Re: Key Evolving Encryption

From: Aldar Chan (
Date: 10/18/04

Date: Mon, 18 Oct 2004 21:37:18 GMT

"David Wagner" <> wrote in message
>>David Wagner wrote:
>>> I guess I'm lost. Were we talking about forward secrecy, or
>>> something else? What do you mean by timed release encryption?

I'm sorry that I didn't track closely to reponse timely. I had posted
another message before the one you looked at yesterday to describe
the detail why and how I need key evolution for the timed release
encryption problem. It's attached below. In fact, you've got
most of what I posted.

The only question that is still my concern is how we can extend the
scheme in Canetti's paper to infinite N efficiently if we transverse the
tree in an opposite direction as time goes by, i.e. the root is associated
to epoch N. Is there a simple way that we can add a new root and a
new left sibling sub-tree? What I mean is: Now in BTE, we start from
the root, build a tree and assign keys from a top-down direction. Can
we do it in a bottom-up manner to grow an existing tree upwards by
adding a new left-sibling subtree and a new root while evolving
the new public key (for the new tree) in a deterministic way?

Sorry for the confusion; I should have filled in more details. I am
considering the "timed release encryption" problem in which we send
an encrypted message to a recipient Bob in such a way that he cannot
open it until the specified release time, as indicated by a passive time
server, has passed. A generic construction is as follows: I pick two keys
k_1 and k_2, encrypt k_1 using Bob's public key and k_2 using an identity
based encryption (with the release time T as the identity and the time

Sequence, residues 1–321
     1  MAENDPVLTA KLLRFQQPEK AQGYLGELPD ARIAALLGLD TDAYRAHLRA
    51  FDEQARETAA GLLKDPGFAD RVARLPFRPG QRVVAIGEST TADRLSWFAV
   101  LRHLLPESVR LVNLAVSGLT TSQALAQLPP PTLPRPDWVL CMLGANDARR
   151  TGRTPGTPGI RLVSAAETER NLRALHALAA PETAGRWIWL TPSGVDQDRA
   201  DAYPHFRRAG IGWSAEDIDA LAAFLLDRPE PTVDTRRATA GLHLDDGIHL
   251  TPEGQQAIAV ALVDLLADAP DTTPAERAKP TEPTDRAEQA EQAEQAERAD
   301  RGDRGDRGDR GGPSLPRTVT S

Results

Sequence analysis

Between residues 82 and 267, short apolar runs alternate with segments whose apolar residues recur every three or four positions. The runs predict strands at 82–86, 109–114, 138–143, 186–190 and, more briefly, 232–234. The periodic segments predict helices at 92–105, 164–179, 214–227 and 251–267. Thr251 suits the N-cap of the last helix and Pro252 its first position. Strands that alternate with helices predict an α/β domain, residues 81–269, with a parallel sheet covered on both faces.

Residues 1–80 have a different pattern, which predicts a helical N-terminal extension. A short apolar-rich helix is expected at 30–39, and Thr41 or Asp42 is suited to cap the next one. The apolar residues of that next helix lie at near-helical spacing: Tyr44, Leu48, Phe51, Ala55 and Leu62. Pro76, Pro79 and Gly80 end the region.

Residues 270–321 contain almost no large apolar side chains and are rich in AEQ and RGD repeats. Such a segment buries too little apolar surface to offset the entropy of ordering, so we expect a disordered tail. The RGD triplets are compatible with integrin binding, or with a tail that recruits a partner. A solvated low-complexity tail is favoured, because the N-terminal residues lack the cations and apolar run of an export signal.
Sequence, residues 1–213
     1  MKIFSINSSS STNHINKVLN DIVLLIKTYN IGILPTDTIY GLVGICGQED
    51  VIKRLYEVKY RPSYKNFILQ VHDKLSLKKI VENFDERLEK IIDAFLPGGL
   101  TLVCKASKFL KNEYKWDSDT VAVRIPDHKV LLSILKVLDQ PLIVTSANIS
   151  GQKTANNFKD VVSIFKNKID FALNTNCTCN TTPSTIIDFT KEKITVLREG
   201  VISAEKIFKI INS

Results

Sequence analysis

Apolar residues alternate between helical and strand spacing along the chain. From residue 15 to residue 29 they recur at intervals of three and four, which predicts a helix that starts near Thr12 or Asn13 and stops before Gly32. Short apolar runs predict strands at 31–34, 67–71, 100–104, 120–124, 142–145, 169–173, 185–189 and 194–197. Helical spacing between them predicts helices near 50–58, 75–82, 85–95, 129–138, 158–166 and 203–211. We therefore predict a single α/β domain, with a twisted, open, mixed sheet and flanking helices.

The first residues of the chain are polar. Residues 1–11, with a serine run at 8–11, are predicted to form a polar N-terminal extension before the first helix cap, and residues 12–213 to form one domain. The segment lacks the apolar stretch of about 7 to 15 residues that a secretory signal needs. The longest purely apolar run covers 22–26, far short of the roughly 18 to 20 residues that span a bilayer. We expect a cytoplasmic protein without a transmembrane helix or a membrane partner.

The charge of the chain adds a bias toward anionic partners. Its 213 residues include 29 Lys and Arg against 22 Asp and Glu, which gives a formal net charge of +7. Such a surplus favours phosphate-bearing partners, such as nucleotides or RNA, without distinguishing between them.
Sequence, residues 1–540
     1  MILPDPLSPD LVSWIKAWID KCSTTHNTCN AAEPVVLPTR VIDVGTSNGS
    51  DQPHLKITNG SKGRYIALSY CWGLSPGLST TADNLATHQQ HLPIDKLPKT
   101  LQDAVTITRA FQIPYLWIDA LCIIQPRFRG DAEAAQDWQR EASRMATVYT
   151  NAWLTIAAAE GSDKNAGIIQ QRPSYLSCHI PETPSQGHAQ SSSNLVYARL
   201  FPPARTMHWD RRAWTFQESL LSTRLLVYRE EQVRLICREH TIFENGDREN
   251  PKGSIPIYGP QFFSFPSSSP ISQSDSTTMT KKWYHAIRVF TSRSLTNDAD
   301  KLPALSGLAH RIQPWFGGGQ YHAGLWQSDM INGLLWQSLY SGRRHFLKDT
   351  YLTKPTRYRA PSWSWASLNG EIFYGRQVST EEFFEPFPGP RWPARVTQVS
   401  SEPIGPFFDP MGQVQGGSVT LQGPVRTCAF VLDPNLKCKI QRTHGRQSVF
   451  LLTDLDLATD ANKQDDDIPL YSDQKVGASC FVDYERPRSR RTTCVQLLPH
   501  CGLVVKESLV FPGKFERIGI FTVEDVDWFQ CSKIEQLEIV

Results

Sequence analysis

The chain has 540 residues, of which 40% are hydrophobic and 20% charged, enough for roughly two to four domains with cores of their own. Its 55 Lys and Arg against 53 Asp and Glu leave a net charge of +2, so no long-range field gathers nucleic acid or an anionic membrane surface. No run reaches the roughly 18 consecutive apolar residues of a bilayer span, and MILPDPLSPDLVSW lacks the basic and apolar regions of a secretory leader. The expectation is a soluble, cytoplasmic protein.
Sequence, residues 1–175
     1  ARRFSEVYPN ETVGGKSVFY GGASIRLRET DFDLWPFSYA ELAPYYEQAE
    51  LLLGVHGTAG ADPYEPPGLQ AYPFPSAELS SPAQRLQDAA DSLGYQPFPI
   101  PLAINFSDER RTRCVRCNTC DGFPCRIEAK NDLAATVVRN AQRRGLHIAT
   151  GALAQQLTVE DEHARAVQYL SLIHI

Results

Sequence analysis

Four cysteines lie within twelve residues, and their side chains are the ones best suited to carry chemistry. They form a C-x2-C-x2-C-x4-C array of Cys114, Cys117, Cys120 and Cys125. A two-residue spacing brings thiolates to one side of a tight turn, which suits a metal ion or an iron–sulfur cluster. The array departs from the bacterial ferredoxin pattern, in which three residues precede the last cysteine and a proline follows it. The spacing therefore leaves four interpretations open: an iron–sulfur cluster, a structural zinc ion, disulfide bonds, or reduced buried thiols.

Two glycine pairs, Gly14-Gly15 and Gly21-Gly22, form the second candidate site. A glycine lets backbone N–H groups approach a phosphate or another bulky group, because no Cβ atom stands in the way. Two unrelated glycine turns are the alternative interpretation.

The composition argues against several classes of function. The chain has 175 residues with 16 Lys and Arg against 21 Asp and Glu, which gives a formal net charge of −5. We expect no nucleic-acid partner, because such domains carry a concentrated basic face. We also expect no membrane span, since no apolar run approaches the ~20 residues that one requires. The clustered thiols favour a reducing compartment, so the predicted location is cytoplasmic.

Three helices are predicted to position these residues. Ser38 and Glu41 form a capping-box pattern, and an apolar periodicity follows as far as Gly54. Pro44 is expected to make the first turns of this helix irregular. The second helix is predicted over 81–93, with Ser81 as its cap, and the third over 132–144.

server as the private key generator). k_1 and k_2 are then combined
(say XOR) to form a key for encryption. Let's assume we use the
pairing-based IBE. At any time instant t, the time server releases the
private key for the identity t, which is of the form sH(t) where s is the
server's private key and H() is some hash function. To decrypt a
ciphertext, Bob can compute k_1 using his private key but have to wait
for the time server to release sH(T) to get k_2. Of course we could
optimize this scheme by merging the two public keys and T in a single
pairing, so that the ciphertext is 50% less. For simplicity, let's ignore
that optimization.

Now the problem related to key evolution is as follows: Suppose Bob
missed out the private key release of sH(T), how can he still get back
sH(T) (or t_2) using any sH(T'), T' > T?

As can be seen, the private keys evolve in the opposite direction,
compared to the forward secrecy problem. Given any private key for
T, we should be able to find all previous private keys for any t < T but
not those in the future for any T' > T. Of course we also need a
constant public key for the time server, just augmenting it with different
T for different release time.

A naive solution may be sending all sH(t), for all t < T, with sH(T). But
this require O(N) message size for N time steps. I was thinking if there
is any way to link those sH(t) together to reduce the message size but it
seems to violate the security property needed. Another way may be
let the sender to specify in the encryption how many missing time server
updates is allowed to recover k_2, but it seems to have O(n) overhead
in the ciphertext. Any suggestions and comments are very appreciated.

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